Thinking about dropping out before school starts and reapplying

<p>I'm set to attend UCSB this September and I don't want to go. Mostly because of its location and surroundings, I really can't stand small towns and middle of nowhere locations. I've lived in LA my whole life, I would much rather be in a big city.</p>

<p>I'm pretty sure now that I've completed the whole process I'm much more able to apply strategically. Truth is, I didn't know an ounce of information about the application process until after I was done applying (lol). My resume is also eons stronger now. What was once a footnote on my applications is now a major hook if I market it correctly (I will).</p>

<p>Is this a good idea? Would my chances be noticeably hurt for taking a year off when I already had acceptance to a major university?</p>

<p>Taking a gap year will not hurt you. I’m having trouble getting my head around Santa Barbara as a small town in the middle of nowhere.</p>

<p>I am too. SB is incredible and an hour and one-half from LA!!</p>

<p>As long as you do something constructive with the gap year there’s nothing wrong with a year off. But make sure you’re being realistic about better possibilities as the UCs just keep getting harder to get into.</p>

<p>Isla Vista and Goleta ( the cities UCSB is in) are very small. Santa Barbara is bit away, but still doesn’t compare to LA. I live in the center of LA, it is a lot bigger than santa barbara.</p>

<p>Many, many in LA would give anything to live in SB. Movie stars escape there often. Why not try something new? LA will still be there in 4 years.</p>

<p>Nope, I live close enough to the beach to see it everyday if I want to, its a 10 minute drive.</p>

<p>I’m going to be closed minded about this. I want to live in a big city.</p>

<p>Why do I care what movie stars do? Is that some sort of stereotype?</p>

<p>I also can’t understand why you wouldn’t put your academic career first. Where you you see yourself going instead?</p>

<p>Before you do this you should call UCSB and see if everything is forgotten if you withdraw before classes start, or if you are considered a student who has been enrolled at the university and withdrawn from studies. If the latter, you need to check with the colleges you now want to apply to and make sure you’ll still be considered a freshman applicant. Some schools may be willing to ignore this since you didn’t actually attend classes, some may not. You really need to check with each school you’re considering. And don’t think “if I don’t tell them there’s no way they can find out”. There’s a national registry that tracks enrollment and degree verification. All the UC schools are members.</p>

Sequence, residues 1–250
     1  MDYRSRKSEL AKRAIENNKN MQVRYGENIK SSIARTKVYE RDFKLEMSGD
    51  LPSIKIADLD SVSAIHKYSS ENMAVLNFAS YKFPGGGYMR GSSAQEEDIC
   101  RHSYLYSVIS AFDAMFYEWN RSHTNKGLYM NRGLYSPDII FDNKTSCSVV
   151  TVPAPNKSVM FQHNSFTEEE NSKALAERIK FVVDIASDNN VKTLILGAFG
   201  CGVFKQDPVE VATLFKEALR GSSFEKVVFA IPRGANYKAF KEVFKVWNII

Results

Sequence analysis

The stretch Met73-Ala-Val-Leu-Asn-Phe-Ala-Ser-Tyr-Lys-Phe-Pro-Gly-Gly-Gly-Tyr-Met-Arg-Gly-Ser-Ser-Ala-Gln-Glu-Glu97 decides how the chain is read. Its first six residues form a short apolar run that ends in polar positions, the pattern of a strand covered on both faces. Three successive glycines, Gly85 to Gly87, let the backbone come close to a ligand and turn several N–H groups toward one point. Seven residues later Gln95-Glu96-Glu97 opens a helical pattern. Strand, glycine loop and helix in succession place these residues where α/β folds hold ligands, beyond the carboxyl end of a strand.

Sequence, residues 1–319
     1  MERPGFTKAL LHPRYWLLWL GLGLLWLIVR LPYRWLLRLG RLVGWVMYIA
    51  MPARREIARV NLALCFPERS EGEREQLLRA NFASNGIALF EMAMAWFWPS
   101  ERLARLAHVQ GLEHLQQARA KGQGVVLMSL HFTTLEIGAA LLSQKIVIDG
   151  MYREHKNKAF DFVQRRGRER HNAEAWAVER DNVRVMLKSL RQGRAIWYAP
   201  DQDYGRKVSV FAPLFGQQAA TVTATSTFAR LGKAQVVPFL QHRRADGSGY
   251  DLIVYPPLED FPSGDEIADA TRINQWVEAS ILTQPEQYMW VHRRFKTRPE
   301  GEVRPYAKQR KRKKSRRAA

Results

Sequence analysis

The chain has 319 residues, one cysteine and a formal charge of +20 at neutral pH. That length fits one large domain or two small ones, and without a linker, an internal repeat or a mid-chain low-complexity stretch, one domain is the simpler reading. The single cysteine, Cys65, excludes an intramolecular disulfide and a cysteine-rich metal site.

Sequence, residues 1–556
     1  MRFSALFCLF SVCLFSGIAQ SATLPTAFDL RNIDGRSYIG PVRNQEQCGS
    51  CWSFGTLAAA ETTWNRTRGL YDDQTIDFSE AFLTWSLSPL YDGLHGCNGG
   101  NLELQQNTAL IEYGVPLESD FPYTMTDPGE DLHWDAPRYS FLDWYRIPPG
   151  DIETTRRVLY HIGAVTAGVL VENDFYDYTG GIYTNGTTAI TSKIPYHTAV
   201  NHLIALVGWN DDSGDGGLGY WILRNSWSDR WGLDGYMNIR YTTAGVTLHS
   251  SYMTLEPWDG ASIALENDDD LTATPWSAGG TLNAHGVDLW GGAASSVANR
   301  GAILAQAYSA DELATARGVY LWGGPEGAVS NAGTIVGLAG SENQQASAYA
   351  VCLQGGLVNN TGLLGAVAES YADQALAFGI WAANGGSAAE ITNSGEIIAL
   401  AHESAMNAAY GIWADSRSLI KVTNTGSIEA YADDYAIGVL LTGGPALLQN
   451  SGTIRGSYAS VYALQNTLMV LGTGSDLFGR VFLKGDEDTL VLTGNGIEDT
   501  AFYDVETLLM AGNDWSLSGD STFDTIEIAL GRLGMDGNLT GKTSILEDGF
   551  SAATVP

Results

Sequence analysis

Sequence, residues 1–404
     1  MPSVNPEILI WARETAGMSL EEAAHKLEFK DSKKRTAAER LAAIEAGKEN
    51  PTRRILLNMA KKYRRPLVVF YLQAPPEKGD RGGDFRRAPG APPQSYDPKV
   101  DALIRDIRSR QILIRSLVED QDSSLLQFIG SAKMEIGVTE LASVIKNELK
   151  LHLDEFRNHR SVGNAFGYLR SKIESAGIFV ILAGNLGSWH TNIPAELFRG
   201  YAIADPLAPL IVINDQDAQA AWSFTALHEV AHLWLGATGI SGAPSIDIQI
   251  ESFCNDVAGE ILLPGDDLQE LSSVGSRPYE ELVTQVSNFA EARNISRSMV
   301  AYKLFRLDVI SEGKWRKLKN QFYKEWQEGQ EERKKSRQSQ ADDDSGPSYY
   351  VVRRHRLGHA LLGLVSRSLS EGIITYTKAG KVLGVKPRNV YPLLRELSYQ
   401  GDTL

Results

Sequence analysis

<p>My guess is you’re going to be fine and UCSB will look at it as if you declined admission back in the spring; after all people get accepted off waitlists and turn down offers they had accepted. But that’s just my guess; you really need to confirm this with UCSB so you don’t find yourself in a jam if it works the other way.</p>

<p>@BP I see myself staying at a university in LA (UCLA/USC/LMU) or in another big city. I’m not doing this to put academics “first” its more of I don’t want the social life and everything else I get at UCSB.</p>

<p>Cowman, I’ve read a couple of your threads, and it appears to me that you are trying really hard to come up with reasons not to show up for the fall semester at UCSB. In other words, the it’s-not-in-a-big-city excuse just doesn’t ring true. More likely, you are worried about how you’d fit in or do in SB, and/or just don’t feel ready to leave home. </p>

<p>Both of which are fine, thousands of people have similar qualms every August. But if you don’t want to go through a similar problem next year, you should be honest with yourself about why you feel compelled to get total strangers to see your side of the current situation.</p>

<p>If you don’t like this university, pick up the phone and call them. Ask what you need to do to defer your enrollment, or cancel it outright. Students do this every single year at colleges and universities over the country. It really isn’t that big a deal.</p>

<p>Once you’ve taken care of that. Sit down and make a plan for what you are going to do for the next year, and then follow through on that plan.</p>

<p>No where is it written that you MUST go to college right now.</p>